Fred Hutch and cancer treatment: ‘We don’t want patients who are cured to be financially devastated’
By Colleen Steelquist, Fred Hutch Science Editor
I’ve interviewed enough cancer patients to know that it’s not just a diagnosis that rocks their worlds—it’s also the staggering medical bills that come with cancer treatment. And being insured isn’t always enough to stem the worry and financial impact.
So I sat with interest through a recent talk by Dr. Scott Ramsey, director of the new Hutchinson Institute for Cancer Outcomes Research (HICOR) at Fred Hutch. As an internist and health economist, Ramsey is addressing through research the economic problems cancer patients face. HICOR is the only program of its kind in the nation.
“We want to help patients change from asking for everything to asking for the right, evidence-based things,” Ramsey said.
It’s a fact that today’s growing health care costs are unsustainable. The percentage of the United States’ gross domestic product spent on health care is more than twice that of any other country in the world. And it’s only going to get more costly: Cancer incidence is predicted to increase by 75 percent by 2030 in the U.S. due to our aging population and population growth.
Even though there are fewer smoking-related cancer cases, cancer rates are still increasing due to our diets, sedentary lifestyles and obesity rates.
Expenditures for every type of cancer are rising. We are treating cancers more intensively and expensively than ever before. Thankfully, this is leading to long-term survivorship for many, but as cancer shifts to a chronic disease, the need to keep costs down continues.
A recipe for helping patients
Ramsey pointed out that with this crisis comes opportunity to apply scientific research to the problem. There’s unprecedented interest in comparative effectiveness research: studies designed to inform health care decisions by providing evidence on the usefulness, benefits and harms of different treatment options.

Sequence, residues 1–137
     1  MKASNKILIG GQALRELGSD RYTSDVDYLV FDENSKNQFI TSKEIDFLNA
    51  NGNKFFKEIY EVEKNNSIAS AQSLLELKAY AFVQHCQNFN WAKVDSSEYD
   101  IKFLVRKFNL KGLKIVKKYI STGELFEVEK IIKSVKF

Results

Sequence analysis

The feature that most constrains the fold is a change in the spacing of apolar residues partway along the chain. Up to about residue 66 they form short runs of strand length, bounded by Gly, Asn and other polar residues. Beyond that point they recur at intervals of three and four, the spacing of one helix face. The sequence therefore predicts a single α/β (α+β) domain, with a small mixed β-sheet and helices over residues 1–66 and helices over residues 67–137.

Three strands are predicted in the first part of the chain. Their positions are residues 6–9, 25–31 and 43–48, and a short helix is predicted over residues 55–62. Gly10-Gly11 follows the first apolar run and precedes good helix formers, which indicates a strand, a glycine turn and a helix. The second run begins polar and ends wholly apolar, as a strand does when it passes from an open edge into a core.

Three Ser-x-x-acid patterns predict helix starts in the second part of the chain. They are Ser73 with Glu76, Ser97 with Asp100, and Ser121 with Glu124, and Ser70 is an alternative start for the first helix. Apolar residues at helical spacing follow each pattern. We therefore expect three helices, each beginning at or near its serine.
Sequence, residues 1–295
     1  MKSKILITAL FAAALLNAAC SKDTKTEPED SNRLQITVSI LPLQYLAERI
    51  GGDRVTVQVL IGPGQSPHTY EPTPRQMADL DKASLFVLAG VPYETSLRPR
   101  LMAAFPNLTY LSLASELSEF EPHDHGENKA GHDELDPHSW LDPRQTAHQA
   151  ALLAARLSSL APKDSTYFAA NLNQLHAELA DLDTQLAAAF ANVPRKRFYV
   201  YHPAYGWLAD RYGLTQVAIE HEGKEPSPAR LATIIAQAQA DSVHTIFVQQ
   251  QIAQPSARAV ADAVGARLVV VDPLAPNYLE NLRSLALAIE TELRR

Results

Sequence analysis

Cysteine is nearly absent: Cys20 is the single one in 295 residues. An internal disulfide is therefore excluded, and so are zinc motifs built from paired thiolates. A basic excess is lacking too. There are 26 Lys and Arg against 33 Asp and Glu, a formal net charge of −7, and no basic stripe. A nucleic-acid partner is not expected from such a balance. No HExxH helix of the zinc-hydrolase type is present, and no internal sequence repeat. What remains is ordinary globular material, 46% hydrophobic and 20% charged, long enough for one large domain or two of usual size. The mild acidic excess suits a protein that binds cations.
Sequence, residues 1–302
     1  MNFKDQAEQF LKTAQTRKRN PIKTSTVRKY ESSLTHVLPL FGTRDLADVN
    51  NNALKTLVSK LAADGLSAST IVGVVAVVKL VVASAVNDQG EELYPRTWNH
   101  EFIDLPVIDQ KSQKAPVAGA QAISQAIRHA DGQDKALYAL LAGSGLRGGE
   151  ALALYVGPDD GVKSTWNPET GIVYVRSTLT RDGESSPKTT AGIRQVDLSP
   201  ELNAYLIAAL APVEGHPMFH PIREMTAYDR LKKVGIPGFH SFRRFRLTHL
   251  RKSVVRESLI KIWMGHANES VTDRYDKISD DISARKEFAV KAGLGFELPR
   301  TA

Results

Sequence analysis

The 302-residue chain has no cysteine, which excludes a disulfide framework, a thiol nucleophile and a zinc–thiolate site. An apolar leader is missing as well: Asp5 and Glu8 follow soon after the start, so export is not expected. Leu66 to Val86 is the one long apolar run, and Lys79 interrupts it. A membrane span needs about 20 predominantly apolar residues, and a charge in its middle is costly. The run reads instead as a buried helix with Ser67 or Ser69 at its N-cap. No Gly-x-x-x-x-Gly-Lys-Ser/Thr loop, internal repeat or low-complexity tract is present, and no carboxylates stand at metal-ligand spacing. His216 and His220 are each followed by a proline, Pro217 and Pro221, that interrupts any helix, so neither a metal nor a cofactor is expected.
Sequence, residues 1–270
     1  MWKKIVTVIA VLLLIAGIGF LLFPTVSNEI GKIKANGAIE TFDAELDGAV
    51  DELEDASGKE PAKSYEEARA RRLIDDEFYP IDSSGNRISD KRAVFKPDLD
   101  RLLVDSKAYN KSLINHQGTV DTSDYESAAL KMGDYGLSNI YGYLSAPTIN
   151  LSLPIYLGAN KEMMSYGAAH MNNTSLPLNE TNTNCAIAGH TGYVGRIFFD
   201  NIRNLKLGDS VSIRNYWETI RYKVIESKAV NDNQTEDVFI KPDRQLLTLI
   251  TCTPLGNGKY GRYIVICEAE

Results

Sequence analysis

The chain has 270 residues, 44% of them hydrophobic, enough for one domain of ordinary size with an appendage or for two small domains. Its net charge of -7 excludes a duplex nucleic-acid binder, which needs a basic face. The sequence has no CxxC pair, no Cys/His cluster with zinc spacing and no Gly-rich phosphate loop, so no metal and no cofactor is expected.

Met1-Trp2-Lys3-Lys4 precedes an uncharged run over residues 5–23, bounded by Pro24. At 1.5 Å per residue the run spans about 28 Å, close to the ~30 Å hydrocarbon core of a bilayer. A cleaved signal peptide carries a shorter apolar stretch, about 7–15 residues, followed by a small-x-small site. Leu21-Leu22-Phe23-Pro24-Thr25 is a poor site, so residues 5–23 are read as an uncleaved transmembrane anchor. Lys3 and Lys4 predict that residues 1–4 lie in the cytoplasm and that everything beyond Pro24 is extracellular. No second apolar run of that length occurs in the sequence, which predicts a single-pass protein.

The evidence is generated from research studies—some of which Fred Hutch will lead—that compare drugs, medical devices, tests, surgeries, or ways to deliver health care.
HICOR will look at cancer care access and utilization, patterns of care, early economic evaluations of new technologies, and more. Ramsey and his team are trying to leverage their research expertise to impact cancer care practices, linking research and policies.
We know we have a finite amount of money to spend on health care, especially costly cancer care. Ramsey is on a mission to save costs and improve outcomes for cancer patients, creating a model for the nation through partnerships, data integration, research and the translation and dissemination of their findings.
HICOR plans to work with patients, employers, insurers, and drug and device manufacturers. A collaboration with Premera Blue Cross was just announced.
Helping patients understand their treatment options
Already, Ramsey’s work has been featured as part of the American Board of Internal Medicine Foundation’s Choosing Wisely campaign. In conjunction with the American Society of Clinical Oncology, the campaign issued a “top five” list of common, costly procedures in oncology that are not supported by evidence and that should be questioned.
The campaign highlighted Ramsey’s research into the use of colony stimulating factors—drugs that stimulate white blood cell counts—in patients undergoing chemotherapy.
While there are situations when these $3,000+/dose drugs are essential, growing evidence shows these therapies are misused, overused and cost health systems millions of dollars. Ramsey found the drugs were given to 42 percent of breast cancer patients and 78 percent of lung cancer patients despite no evidence of benefit.
It’s not easy for patients to learn about which procedures or treatments they should question. To that end, Ramsey has talked to Silicon Valley entrepreneurs about creating apps to help patients access this information more easily.
HICOR has plans to study low-dose CT screening in patients at high risk of lung cancer. Such screening in appropriate populations could lead to a 20 percent reduction in lung cancer deaths. However, in small initial studies, one in four patients had positive scans, and 90 percent of those were false-positive, so more work remains. HICOR plans to follow use of low-dose CT screening locally, track outcomes and work to improve its cost effectiveness.
It’s critical research at a critical time. Ramsey’s own studies have found that even insured cancer patients often get into financial trouble by seeking treatment. Cancer patients, he discovered, have a three times higher risk of bankruptcy.
“We don’t want patients who are cured to be financially devastated,” he said.
HICOR’s work is part of Fred Hutch’s commitment to helping cancer patients everywhere receive the highest quality care while helping to rein in costs. Together, it will help health care providers and their patients make more informed decisions about treatment.